In Elemental Lies, there’s a scene where Val, Sienna, Cade and Xavier have lunch at the Landston’s house. At one point, I had the whole scene fleshed out further. It was cool, because it showed a side of Cade we don’t normally get to see. He was light-spirited and playful. It didn’t meet the mood/tone of the scene, though, so it got cut. Enjoy! ♥
Cade stood on one side of an island bar, and gestured for us to sit in the stools on the other side.
Then he fueled up his wisps.
Apparently we were getting a show.
Wooden bowls, mixing spoons, and cutting boards appeared, along with a metal skillet and loaf pan. He quickly created a variety of garden vegetables that sliced and diced themselves at his will. He chopped and ground until some of them formed spices and herbs. When what looked like stir-fry was put on the stove, he began on other items.
He formed wheat and spun it into flour, then added the bare minimum ingredients for homemade bread: salt and yeast (which is actually a fungus, and is still technically under the jurisdiction of an Earth).
But he still needed water.
He held the bowl of powder out to me.
“Val? A little water, please.”
I glanced at the faucet over the sink. Then I glanced at Xavier. Surely either of those would’ve worked just fine. I really didn’t want to mess anything up.
Eventually I just grinned and held my hand over the bowl. When I wiggled my fingers, a light sprinkle of droplets fell down like rain. Cade waited in exaggerated impatience, while Xavier and Sienna chuckled.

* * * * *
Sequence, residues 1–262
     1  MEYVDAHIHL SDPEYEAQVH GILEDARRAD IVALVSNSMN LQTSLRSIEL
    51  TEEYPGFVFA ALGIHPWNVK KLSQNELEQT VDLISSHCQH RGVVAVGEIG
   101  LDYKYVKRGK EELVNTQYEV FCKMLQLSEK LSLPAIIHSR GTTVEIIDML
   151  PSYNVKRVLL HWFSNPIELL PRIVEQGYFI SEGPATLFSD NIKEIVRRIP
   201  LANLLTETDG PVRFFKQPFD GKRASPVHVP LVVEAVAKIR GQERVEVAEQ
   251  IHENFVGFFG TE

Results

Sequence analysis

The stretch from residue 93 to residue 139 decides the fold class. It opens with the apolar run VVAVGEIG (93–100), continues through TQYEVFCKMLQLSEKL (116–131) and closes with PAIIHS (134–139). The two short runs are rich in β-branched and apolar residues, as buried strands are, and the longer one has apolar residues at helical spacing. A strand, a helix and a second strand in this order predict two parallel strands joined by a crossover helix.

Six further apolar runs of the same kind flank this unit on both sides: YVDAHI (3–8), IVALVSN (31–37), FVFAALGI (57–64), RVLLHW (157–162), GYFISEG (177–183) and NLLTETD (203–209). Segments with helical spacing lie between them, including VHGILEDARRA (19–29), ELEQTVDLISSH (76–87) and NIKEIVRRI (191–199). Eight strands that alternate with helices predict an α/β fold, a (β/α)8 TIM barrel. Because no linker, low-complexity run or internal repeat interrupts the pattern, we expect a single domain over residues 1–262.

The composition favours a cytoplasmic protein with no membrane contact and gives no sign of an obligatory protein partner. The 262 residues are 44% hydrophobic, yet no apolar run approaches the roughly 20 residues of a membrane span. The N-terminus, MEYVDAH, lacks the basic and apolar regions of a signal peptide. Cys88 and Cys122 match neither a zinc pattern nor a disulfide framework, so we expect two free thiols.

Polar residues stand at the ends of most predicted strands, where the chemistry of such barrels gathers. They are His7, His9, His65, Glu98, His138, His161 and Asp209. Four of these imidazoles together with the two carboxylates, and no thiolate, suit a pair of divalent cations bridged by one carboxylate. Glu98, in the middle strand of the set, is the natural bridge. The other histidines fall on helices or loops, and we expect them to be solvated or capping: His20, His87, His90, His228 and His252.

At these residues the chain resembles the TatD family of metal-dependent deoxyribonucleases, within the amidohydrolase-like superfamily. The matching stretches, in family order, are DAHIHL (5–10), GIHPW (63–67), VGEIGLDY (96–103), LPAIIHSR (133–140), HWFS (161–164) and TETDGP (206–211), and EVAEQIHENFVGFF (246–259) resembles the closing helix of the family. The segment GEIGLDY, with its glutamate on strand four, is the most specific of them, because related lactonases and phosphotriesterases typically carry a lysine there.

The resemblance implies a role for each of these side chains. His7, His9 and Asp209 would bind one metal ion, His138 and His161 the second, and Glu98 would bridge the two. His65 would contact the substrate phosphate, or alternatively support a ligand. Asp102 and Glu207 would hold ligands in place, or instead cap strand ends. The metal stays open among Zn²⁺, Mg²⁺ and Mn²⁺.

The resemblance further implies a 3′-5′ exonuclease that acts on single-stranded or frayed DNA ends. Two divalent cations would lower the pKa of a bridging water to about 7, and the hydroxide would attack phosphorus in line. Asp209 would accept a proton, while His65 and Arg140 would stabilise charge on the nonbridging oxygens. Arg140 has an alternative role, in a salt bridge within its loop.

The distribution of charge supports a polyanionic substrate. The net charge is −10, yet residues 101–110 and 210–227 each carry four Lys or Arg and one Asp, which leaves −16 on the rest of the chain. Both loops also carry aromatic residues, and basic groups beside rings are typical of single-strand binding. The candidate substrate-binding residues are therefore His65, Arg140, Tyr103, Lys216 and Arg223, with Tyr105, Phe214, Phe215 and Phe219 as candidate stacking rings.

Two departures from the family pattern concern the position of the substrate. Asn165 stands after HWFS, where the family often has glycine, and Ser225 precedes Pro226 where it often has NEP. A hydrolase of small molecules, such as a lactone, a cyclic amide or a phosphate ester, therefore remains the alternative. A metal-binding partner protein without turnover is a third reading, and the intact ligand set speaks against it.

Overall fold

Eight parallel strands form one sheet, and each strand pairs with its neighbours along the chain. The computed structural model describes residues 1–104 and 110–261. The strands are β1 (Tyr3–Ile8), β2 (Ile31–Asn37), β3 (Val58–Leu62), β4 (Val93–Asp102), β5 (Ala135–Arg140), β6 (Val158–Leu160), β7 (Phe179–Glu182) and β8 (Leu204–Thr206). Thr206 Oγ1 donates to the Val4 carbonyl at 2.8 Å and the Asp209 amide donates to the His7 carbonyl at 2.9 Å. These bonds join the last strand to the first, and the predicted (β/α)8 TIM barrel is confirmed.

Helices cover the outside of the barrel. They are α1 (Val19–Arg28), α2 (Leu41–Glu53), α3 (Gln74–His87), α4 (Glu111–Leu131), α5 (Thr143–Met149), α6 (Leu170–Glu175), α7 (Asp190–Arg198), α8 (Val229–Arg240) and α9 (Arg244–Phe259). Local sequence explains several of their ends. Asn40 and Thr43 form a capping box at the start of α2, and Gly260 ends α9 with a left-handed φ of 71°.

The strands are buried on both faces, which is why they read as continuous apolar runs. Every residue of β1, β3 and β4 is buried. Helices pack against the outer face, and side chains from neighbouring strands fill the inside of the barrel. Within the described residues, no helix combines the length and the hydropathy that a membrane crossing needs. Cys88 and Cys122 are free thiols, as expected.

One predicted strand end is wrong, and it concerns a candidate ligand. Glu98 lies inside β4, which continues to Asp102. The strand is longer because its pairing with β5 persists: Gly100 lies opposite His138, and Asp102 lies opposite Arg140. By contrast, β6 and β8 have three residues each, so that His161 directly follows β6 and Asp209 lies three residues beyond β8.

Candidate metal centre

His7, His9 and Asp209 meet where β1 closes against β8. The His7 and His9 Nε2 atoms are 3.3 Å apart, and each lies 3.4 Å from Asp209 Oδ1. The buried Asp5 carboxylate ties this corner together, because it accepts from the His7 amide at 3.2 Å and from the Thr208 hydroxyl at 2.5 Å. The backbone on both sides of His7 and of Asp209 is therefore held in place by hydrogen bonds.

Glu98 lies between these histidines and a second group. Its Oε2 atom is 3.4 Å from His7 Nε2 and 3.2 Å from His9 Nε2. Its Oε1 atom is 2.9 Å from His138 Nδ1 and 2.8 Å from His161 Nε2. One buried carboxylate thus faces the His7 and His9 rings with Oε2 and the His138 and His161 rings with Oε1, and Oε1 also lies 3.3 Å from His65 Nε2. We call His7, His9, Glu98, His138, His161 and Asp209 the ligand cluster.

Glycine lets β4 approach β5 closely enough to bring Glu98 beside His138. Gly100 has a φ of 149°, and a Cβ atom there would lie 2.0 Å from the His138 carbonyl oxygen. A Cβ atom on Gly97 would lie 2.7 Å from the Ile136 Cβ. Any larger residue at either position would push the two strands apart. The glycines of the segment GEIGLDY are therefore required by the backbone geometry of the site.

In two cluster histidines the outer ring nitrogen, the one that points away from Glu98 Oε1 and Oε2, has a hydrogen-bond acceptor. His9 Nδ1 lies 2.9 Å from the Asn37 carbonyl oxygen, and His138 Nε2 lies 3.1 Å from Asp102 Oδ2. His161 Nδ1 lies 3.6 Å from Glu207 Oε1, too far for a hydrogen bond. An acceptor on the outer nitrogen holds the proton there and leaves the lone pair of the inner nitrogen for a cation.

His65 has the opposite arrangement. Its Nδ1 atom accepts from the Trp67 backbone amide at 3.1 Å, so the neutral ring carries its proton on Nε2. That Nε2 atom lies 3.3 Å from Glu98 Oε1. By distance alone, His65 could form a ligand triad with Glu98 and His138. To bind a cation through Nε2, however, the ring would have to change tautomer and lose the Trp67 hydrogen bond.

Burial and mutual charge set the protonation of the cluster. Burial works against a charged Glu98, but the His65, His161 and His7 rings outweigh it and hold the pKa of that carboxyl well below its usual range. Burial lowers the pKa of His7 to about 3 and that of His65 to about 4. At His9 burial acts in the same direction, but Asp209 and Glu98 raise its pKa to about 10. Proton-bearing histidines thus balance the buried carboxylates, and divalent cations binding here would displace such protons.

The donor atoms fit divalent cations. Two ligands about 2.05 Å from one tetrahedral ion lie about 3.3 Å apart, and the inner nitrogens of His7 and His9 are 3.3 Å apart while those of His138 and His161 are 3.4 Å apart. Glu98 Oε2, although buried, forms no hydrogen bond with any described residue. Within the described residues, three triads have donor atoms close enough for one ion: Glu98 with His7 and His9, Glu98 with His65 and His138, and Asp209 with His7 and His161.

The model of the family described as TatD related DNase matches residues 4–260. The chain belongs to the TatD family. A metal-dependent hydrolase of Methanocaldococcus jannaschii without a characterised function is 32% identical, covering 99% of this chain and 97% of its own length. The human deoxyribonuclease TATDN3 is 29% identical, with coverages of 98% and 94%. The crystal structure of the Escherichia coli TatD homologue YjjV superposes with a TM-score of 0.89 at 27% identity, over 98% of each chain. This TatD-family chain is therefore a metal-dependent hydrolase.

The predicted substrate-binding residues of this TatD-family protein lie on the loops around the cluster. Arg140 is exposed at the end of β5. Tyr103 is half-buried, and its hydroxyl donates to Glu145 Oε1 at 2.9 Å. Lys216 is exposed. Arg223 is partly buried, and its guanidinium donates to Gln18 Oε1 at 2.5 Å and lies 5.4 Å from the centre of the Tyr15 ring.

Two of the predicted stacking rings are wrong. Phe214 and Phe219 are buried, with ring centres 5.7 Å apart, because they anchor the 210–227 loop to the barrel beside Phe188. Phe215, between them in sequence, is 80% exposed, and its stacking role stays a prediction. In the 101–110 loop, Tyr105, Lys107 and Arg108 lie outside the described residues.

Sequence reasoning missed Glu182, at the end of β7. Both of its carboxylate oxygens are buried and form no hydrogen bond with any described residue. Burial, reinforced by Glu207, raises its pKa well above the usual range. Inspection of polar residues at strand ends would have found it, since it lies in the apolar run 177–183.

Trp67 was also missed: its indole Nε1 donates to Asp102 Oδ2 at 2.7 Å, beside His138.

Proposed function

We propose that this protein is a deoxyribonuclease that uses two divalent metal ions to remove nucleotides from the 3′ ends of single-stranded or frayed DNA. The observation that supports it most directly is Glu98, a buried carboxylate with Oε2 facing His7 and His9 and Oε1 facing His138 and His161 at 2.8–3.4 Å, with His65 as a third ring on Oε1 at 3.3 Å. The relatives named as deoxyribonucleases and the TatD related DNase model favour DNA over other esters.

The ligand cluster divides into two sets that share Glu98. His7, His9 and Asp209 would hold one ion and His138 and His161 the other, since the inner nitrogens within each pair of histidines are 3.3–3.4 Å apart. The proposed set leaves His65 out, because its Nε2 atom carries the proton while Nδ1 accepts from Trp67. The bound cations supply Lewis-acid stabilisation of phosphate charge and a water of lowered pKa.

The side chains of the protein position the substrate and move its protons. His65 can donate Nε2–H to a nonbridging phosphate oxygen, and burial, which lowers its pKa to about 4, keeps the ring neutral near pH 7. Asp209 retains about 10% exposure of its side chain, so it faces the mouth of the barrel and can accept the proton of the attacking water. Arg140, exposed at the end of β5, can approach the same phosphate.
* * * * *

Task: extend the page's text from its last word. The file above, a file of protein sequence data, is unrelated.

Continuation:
“Aaaand… stop!” he said, excitedly.
I’d never seen him like this. Genuinely happy, for starters. But also, so completely in his element – literally. He apparently loved creating things from the Earth, and food most of all.
I could get used to that…
He topped the bread loaf with spices and herbs and placed it into the oven.
Next, he started on dessert.
He swiped an arm across the counter, and all the excess food he’d created disappeared into smoke-like wisps.
Pineapples and bananas, kiwis and strawberries, blueberries and oranges all found themselves chopped up and tossed into a bowl full of other fruits, and nuts as well.
To top it off, he created a small maple tree and tipped it like a teapot. Sap collected into a mixing bowl.
He held it out to me again. This time, though, the bowl hovered in mid-air with his fingers a foot or so away.
“A little fire this time?” he asked. I was half surprised he didn’t wink or waggle his eyebrows, with that enticing tone.
I cupped a palm beneath the bowl and fired up my element. Much quicker than normal, I’d warmed the sap into a thick, bubbling syrup. Afterward, I touched the bowl and drained the heat.
He drizzled the syrup over the fruit salad, then he put it in the fridge.
Back at the stove, he whisked his stir-fry and turned off the burner. Then the oven beeped. When he lowered the door, the mouthwatering smell of bread and herbs overwhelmed the air.